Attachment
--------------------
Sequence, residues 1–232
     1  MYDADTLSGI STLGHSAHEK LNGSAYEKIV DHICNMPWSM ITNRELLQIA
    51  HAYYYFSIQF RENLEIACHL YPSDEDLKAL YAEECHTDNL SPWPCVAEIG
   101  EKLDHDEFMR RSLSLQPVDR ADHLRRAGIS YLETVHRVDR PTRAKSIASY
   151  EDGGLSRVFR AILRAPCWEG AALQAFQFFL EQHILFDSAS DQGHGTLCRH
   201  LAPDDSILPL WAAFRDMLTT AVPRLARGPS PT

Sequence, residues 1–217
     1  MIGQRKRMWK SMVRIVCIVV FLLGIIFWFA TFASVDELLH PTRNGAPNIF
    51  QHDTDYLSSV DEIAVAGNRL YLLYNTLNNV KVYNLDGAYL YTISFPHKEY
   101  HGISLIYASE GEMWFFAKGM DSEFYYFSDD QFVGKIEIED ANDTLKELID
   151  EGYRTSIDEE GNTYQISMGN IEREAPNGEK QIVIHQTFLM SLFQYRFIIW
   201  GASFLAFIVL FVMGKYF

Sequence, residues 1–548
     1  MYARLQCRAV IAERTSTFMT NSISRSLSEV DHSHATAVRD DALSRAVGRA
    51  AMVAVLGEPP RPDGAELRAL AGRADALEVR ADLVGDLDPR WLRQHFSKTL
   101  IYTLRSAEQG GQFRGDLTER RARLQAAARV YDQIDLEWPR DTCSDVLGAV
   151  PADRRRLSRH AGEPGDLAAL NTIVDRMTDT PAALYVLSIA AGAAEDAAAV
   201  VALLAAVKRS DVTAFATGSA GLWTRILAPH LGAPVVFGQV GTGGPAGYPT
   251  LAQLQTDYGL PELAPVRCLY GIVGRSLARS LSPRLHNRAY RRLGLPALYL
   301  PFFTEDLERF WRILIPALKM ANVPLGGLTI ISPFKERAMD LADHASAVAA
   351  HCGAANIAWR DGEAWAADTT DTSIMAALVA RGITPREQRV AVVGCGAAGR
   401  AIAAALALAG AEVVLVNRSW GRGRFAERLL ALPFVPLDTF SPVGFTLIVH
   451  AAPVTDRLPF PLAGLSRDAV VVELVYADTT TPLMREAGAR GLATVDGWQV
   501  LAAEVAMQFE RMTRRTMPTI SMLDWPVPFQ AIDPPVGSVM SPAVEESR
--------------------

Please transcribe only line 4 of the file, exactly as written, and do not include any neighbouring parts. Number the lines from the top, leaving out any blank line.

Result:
   101  EKLDHDEFMR RSLSLQPVDR ADHLRRAGIS YLETVHRVDR PTRAKSIASY